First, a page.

Practical Jokes and the Workplace: Four Points to Consider

2 Jan

Last week in “A Caution”, I shared the story of a practical joke gone wrong… and advised that the best way to execute a prank in the workplace is not to execute one at all. This week, I’ll be explaining that advice in more detail as I share four important things to consider before attempting to play any prank on anyone, anywhere!

1. You can’t control the timing. Everyone knows that when it comes to a sense of humor, timing is everything. While you have control over this factor when zinging someone with a one-liner, more often than not, practical jokes won’t allow you that luxury. For example, at one place where I once worked, a staff member hid a rubber snake in a bin of washers. The intended victim came across the inanimate critter and made the quite reasonable mistake of assuming that it was real. (So far, so good.) Unfortunately, aside from nearly wetting her pants, she also let out a string of expletives that would have made a sailor blush… and did make several customers turn quite rosy. The truth was, thanks to its poor timing, a joke that could have been a real hoot proved an embarrassment both to the staff member who got nailed and to the company.

2. Does this cause property damage. I think all of us have heard about someone super gluing their boss’ gear to his desk or nailing someone’s boots to the floor. While these hijinx are amusing on television, they are often less so in person. Again, there is a timing issue (if your boss is reaching for his pen, it’s likely that he intends to use it), but there is also that little issue of property damage. That antique oak desk won’t look quite the same, even after the super glue has been removed and those boots won’t be quite as weather proof after the nail has been taken out. If your prank has the potential (even the slight potential) to cause permanent harm, don’t pull it. Remember, “In everything, therefore, treat people the same way you want them to treat you.” (Matthew 7:12) You’ve worked hard for the things you own don’t want people taking risks with it, so don’t take risks with their property either.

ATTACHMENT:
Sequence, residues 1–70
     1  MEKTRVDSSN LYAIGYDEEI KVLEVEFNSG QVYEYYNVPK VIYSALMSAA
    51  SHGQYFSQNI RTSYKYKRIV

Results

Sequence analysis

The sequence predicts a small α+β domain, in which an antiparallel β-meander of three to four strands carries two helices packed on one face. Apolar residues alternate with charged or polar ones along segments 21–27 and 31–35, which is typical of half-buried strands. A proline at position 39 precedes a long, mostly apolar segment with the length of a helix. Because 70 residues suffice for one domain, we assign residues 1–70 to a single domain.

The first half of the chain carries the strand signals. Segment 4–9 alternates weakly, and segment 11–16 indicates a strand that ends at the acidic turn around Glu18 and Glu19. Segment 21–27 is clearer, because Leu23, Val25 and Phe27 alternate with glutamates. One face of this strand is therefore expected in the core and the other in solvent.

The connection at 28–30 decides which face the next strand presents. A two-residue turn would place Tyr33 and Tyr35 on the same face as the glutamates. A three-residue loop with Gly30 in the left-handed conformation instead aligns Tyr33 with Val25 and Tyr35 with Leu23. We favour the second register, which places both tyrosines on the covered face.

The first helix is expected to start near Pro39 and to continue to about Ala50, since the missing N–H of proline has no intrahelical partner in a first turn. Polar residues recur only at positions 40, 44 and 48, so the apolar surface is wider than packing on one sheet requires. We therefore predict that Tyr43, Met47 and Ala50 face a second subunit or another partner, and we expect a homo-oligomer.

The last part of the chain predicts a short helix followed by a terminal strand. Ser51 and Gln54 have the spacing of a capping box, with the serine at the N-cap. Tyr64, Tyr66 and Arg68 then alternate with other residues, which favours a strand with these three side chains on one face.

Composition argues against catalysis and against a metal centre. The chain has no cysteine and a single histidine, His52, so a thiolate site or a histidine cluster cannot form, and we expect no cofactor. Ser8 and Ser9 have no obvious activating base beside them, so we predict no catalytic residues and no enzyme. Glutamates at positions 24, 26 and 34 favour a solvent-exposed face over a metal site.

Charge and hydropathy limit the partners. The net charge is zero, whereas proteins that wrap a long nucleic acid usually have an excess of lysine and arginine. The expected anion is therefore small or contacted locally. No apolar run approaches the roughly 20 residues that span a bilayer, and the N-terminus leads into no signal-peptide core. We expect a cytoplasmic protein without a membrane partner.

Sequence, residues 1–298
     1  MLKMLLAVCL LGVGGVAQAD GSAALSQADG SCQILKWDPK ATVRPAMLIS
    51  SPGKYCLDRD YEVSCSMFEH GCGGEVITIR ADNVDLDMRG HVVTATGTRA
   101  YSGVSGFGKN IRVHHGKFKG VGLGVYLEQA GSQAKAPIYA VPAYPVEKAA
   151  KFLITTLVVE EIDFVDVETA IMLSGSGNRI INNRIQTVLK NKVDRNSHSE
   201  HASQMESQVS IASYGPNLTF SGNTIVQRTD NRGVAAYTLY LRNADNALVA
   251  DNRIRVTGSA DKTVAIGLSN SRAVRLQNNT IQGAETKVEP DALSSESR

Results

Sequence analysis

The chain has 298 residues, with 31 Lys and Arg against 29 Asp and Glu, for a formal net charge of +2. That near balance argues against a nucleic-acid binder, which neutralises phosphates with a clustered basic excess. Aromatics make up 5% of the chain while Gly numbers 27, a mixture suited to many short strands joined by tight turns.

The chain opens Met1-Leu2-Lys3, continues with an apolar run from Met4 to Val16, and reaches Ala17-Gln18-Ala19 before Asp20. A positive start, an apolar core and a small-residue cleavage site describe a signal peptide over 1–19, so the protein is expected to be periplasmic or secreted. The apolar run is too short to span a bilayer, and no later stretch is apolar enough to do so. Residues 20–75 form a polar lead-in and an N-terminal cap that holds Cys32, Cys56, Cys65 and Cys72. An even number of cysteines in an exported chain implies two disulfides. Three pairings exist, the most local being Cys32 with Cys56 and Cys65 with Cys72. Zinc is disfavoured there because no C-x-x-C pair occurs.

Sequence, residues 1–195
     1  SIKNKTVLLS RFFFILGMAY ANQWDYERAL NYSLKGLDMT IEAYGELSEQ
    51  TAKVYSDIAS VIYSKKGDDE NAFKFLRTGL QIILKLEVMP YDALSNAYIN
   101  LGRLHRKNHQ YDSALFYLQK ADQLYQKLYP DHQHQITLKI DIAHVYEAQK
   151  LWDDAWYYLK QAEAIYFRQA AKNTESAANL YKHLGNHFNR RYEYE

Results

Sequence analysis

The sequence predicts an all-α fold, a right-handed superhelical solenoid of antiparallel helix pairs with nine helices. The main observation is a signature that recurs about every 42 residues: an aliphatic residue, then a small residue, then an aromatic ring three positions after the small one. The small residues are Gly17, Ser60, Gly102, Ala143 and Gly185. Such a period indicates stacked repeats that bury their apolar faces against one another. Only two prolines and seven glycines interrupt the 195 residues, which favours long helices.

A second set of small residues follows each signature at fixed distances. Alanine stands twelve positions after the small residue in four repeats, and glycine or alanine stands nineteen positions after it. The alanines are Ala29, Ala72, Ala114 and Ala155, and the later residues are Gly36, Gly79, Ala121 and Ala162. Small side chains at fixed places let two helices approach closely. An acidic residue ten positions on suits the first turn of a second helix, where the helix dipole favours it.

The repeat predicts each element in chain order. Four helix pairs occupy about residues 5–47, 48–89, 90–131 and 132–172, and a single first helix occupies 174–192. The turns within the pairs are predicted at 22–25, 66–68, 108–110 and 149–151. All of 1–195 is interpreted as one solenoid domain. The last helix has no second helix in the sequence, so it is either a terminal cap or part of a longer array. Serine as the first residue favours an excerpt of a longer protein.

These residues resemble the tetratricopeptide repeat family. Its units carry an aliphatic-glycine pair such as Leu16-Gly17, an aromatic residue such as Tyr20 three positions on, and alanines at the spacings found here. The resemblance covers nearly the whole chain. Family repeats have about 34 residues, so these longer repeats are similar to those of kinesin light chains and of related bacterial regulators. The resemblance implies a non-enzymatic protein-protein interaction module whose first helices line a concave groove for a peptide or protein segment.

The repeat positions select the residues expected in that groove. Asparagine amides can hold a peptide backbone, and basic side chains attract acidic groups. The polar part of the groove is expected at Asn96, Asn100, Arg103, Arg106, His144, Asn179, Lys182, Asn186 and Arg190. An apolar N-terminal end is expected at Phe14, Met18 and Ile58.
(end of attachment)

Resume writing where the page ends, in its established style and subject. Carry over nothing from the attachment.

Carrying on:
3. What may be funny to others often isn’t funny to the victim. Okay, it’s confession time. I used to be a superb practical joker. I could nail just about anyone given the time and opportunity. Unfortunately, one of the drawbacks to such visual pranks is that they are often performed at the expense of someone else. One of my least noble moments was when I pulled a miniature nickel out of my pocket and, displaying it to an employee who wasn’t all that bright, moaned about having forgotten to remove my change before I washed my laundry. “It really shrunk it?!” she exclaimed. Of course, everyone laughed. Everyone, that is, except her. In getting a giggle from others, I took advantage of someone who Christ loved enough to die for. Any joke that makes sport of someone, even unintentionally, isn’t worthy of a follower of Christ. All of us were made in the image of God and deserve to be treated as persons of value.

4. Pranks tend to multiply uncontrollably. Maybe you’ve heard of the law of escalation. Basically, the principle is that someone plays a prank, then the person who got nailed with the prank has to get even. While this can sometimes be funny to watch (I once had a coworker who claimed he could outdo me in the realm of practical jokes and the two of us got into an all-out war, each prank becoming more and more outrageous until we discovered that most of the pranks had been played by other staff members who were getting a hoot out of pitting us against one another), they can often degenerate into competitions over who can be the nastiest or most destructive. Don’t wait until the game gets mean to call it quits – don’t start playing to begin with.

While practical jokes can be great source of humor and even serve as a form of stress relief, the negative aspect of such hijinks often outweigh the positive benefits. With that in mind, the best rule of thumb for pranks in the workplace is this: don’t. No amount of fun is worth the risk of damage to people, property, your job, or your reputation.

 

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